Archaeology South-East has many years of in-house expertise in landscape interpretation, and we were responsible for the HLC mapping of the South Downs National Park (SDNP).
- Desk-Based Assessment
Archaeology South-East has undertaken a plethora of documentary and topographic surveys throughout England. Most such surveys have been prepared on behalf of commercial clients as part of a desk-based assessment (DBA) or landscape survey, in order to address concerns raised by planning officers at the application stage of a development proposal. Accurate information during the early stages of a project makes it possible to plan sensible mitigation measures that will speed the grant of planning consent, and enable sympathetic development of sites within areas of archaeological or historic significance. Our team utilise a range of resources to aid their research, including local archives, historic maps, historic aerial imagery and open-source LiDAR (Light Detection and Ranging) data. We also use GIS to fully assess and manage the spatial distribution of complex heritage data to achieve clear and cohesive presentation in our reports.
Our expert understanding of the archaeological landscape and experience of presenting such evidence to developers and planners, allows us to fully meet commercial needs at very competitive rates.
All our DBA reports conform to the recommendations set out by the Chartered Institute of Archaeologists in Standards and Guidance for Archaeological Desk-Based Assessments, are compiled in line with planning guidance (NPPF and local planning policy), and are tailored to the particular needs of individual clients and planning committees.
- Historic Building Services
Our built heritage is an important source of information about architectural, engineering and building crafts, and social and economic history. Uninformed changes to the fabric of historic buildings can result in the loss of valuable information.
Archaeology South-East can provide assistance with historic building projects at a number of levels, from a rapid visual assessment of a structure to a detailed archaeological record.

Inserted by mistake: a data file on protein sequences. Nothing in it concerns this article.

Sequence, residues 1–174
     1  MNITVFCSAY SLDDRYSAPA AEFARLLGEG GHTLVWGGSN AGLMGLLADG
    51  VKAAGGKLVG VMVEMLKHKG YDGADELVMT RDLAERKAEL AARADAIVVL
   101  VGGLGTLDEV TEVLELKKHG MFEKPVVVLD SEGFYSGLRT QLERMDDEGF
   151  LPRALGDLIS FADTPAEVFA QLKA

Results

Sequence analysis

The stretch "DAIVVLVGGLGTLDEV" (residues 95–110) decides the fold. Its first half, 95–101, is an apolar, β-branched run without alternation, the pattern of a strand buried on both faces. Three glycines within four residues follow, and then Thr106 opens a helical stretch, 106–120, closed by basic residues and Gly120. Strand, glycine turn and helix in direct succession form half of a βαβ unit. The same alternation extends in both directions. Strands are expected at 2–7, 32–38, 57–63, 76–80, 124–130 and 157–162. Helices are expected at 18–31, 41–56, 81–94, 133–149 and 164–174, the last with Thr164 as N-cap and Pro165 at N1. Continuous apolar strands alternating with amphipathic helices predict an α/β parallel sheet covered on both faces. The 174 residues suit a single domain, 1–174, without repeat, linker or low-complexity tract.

Historic building assessment is typically carried out to inform the process of change to a building, and provides a means to understanding often complex structures to determine their date and sequence of development, and establish what is significant. This provides the basis from which informed decisions can be made about the future of a building, providing valuable input to the design and preparation of satisfactory proposals. Archaeology South-East can also provide assessment of the impact of proposals, to inform this process.
The creation of a detailed building record may be required as a planning condition in order to mitigate the loss of historic fabric or structures.
We liaise with building owners, conservation architects, builders and local planning authority conservation officers to ensure a smooth path to planning consent.
- Site Management Planning
We provide a comprehensive range of high quality heritage management services worldwide. Building upon the facilities and expertise of the University College London, the dedicated staff of our Centre for Applied Archaeology deliver the highest standards in site management, public outreach, heritage presentation and training classes. Our services range from interpretive and management planning for World Heritage Sites, museum exhibitions, evaluation, consultancy and outreach events to the design of single leaflets or web-sites.